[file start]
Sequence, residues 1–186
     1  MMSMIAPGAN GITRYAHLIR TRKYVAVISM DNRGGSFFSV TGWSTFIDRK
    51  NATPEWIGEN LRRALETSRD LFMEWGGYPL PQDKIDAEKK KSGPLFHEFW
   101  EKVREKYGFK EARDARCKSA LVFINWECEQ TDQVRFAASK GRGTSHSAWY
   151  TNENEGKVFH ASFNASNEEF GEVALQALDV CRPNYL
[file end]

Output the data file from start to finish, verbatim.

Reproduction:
Sequence, residues 1–186
     1  MMSMIAPGAN GITRYAHLIR TRKYVAVISM DNRGGSFFSV TGWSTFIDRK
    51  NATPEWIGEN LRRALETSRD LFMEWGGYPL PQDKIDAEKK KSGPLFHEFW
   101  EKVREKYGFK EARDARCKSA LVFINWECEQ TDQVRFAASK GRGTSHSAWY
   151  TNENEGKVFH ASFNASNEEF GEVALQALDV CRPNYL